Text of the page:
“Rebellion was built on the idea that we had to create something different, new,” Lynch explained. “And we do that in three major areas for our customers.”

Those key areas of focus include full battlespace awareness, automation and cyber readiness.

No single set of governing codes of conduct governs these digital solutions for the future. Forbes recently reported that Rebellion Defense is working on a contract linked to Project Maven, a controversial program that uses Google image recognition to help improve the military’s ability to view and direct drones. Lynch said the company does not comment in detail around who the customers are, or the usage charges and requests they submit. When questioned, he described the three main points mentioned above.

However, the CEO has confirmed that he and the startup staff meet monthly to consider the types of projects they may refuse to undertake.

“I think that’s probably one of my favorite things about the Rebellion, and in many ways it’s also something we’ve done for the Defense Digital Service, they say, you know,” What are we going to work for? What is important? ’” He said.

Staff attend meetings to discuss these topics. Lynch noted that in companies entering into a security contract, such an approach may be helpful because it allows for open communication between employees to share their thoughts, concerns, and happiness.

“I think it means a lot to the team here,” he said. “It has created an environment where we will be able to replicate how we will have the greatest impact on our customers, and where they will see us invest in our resources.”

Often, ideas related to the industrial area of ​​defense in the construction of aircraft, tanks and equipment and combat services, in Lynch’s view. But the future battlefield will rely on a number of cyber-focused weapons and defense systems. As technology advances, the United States also emerges from the armed conflict in the War on Terror and exposes the “great power struggle” with China, Russia, and others.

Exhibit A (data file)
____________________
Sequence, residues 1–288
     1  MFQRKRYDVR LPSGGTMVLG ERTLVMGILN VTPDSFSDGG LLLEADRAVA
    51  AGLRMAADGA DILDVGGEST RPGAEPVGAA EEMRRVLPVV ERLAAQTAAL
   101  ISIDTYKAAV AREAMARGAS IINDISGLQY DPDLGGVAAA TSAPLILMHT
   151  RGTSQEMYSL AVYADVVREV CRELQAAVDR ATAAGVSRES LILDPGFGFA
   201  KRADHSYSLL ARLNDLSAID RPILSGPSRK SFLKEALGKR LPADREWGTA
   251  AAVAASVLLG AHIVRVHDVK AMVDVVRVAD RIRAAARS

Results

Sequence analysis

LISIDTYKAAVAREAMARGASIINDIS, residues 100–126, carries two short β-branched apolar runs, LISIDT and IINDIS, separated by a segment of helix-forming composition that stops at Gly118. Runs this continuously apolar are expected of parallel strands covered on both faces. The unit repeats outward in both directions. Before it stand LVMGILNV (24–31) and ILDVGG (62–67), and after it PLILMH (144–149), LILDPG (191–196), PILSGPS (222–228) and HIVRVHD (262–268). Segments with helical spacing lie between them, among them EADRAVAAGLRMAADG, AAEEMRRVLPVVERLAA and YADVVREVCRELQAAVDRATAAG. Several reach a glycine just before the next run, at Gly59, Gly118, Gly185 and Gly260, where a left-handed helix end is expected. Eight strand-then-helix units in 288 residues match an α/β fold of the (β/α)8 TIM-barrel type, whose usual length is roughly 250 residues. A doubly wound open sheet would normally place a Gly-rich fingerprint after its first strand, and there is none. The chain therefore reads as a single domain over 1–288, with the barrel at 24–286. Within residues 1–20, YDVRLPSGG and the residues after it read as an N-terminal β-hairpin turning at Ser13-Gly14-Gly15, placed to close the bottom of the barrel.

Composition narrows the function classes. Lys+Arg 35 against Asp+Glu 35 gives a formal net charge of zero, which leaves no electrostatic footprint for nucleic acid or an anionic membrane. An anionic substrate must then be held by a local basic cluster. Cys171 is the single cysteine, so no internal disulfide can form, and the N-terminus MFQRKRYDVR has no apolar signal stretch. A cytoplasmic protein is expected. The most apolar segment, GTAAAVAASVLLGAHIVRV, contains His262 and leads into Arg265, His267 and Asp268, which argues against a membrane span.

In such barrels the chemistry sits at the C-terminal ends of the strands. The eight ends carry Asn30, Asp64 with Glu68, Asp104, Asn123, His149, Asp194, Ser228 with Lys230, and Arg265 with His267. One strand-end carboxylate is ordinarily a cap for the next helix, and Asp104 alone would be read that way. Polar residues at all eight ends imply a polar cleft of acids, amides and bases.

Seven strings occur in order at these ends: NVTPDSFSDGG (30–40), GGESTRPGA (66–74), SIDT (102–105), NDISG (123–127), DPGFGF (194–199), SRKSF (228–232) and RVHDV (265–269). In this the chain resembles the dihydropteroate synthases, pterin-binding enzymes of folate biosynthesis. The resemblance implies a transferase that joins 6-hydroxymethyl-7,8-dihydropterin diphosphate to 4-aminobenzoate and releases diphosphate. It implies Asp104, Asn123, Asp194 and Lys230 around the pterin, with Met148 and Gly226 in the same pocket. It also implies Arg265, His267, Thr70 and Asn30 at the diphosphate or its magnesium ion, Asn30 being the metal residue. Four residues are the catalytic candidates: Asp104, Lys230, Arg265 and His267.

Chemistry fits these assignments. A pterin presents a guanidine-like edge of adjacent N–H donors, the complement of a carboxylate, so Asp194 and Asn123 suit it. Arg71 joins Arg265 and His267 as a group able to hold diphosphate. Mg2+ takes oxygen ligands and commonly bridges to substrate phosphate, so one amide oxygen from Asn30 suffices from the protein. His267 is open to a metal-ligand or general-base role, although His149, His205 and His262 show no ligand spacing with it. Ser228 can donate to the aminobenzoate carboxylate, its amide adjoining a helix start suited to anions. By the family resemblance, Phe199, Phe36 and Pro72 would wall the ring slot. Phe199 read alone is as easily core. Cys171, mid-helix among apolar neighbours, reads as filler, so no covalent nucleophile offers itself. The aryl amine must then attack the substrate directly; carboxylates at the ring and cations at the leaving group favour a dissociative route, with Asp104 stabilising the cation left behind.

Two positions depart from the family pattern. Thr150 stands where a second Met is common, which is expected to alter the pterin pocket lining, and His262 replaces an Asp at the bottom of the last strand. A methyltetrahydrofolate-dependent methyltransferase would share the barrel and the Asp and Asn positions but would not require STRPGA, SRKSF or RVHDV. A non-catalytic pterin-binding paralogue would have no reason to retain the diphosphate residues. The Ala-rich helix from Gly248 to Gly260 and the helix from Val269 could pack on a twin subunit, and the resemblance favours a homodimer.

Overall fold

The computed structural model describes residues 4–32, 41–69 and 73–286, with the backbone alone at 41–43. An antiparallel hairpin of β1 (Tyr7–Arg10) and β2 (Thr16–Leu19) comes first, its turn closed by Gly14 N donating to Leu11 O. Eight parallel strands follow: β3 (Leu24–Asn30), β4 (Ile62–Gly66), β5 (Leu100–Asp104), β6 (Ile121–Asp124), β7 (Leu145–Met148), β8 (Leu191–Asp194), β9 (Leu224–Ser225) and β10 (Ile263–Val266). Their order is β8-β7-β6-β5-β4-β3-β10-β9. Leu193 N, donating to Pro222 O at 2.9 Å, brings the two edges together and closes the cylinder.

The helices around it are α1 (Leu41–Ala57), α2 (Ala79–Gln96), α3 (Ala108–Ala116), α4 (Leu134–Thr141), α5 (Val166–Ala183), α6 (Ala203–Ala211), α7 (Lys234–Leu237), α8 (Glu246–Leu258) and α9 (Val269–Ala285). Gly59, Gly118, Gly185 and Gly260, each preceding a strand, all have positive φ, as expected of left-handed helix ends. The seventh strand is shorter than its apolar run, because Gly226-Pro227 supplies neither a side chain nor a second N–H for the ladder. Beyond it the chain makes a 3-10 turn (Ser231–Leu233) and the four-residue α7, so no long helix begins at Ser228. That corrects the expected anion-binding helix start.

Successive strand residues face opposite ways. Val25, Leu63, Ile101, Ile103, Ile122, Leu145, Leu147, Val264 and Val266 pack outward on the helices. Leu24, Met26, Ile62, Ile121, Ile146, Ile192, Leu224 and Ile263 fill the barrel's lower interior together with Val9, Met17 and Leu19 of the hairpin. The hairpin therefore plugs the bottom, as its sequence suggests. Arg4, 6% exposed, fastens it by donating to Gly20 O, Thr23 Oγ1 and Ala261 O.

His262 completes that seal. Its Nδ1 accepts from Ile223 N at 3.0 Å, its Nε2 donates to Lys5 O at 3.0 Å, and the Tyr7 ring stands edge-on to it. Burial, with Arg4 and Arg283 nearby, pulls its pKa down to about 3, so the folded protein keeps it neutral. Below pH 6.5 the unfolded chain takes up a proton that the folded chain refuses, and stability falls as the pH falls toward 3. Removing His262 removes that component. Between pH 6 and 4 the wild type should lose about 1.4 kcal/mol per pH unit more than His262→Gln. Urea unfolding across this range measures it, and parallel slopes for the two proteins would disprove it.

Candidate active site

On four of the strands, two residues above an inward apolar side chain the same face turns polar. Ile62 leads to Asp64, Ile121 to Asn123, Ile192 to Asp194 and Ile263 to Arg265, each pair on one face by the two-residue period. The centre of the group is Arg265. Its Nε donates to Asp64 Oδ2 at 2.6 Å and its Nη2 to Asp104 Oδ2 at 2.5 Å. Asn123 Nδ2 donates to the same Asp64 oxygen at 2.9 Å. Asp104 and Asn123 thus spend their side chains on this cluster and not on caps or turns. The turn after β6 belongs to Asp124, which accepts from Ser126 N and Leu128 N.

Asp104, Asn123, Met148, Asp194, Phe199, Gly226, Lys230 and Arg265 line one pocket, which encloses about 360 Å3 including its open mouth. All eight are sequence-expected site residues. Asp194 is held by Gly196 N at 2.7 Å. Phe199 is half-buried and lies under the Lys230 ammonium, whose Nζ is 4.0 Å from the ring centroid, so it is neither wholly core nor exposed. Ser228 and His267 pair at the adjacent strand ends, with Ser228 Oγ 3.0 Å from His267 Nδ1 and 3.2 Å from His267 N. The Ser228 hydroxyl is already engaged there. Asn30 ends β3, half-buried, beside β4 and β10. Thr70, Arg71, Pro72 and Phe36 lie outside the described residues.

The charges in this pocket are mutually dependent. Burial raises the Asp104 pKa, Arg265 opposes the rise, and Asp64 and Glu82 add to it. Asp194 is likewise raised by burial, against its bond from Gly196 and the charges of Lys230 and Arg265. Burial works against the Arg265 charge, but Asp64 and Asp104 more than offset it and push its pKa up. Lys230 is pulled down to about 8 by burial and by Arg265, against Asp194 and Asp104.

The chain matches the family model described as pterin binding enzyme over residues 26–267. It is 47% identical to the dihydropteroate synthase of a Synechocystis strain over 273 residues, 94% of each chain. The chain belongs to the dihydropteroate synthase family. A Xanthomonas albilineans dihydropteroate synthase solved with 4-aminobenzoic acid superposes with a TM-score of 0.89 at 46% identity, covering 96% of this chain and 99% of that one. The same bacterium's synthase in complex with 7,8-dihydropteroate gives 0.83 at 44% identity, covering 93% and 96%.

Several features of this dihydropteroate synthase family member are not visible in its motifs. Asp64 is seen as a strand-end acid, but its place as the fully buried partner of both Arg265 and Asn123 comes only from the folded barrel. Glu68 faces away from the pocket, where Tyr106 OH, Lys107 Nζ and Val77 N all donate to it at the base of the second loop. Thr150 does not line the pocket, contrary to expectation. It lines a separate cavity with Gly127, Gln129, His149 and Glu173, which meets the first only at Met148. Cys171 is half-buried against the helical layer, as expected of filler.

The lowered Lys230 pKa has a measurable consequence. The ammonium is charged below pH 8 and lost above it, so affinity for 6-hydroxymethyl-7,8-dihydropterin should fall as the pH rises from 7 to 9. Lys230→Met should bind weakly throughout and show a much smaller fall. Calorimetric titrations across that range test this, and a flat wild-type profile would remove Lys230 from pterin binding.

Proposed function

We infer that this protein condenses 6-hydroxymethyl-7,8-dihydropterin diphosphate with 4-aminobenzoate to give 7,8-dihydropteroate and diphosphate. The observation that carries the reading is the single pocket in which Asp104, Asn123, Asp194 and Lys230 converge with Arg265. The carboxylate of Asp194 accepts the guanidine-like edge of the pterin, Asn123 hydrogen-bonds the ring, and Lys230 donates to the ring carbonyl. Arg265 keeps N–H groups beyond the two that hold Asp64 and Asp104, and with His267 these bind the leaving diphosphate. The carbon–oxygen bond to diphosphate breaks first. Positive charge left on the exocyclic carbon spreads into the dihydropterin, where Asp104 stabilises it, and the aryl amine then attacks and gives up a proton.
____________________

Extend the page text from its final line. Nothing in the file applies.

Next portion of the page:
“There is a text I hear that is very focused – and a change. I used to feel ‘close to my competitor.’ Now, I hear ‘peer competitors.’ And I’m worried about that, ”Lynch said. “I think the only way we can change the course of the future here, is because the United States, the UK and our allies and partners are bringing in the greatest engineering talent, the people who create products in this space. And the way we do that is that we will build software companies that are focused on this area. ”

He noted that he and the founders of the Rebellion did not understand the expectations set by technology companies to be “dual use,” or to provide services for both military and non-military needs. Employees see an opportunity to change this by building startup software that targets investors, deliberately.

“Why don’t the national firms be the most responsible to invest in this? You see, I think it’s factory chicken feed, ”said Lynch. “To say they are interested in national security, but not to invest in it, I do not think it is right. I think that’s part of the problem. ”

Venture’s large firms had previously invested in double-use companies – but could not be started with a single military focus – supporting the Rebellion Defense in its funding so far, Lynch said.

“I think it’s because we are in a different place at a time, and we are facing a different threat,” he said. “And when it comes to the power struggle, when we talk about totalitarian regimes, I think we need to rethink how we build, how we close the gap between government and corporations, and how we do this work. ”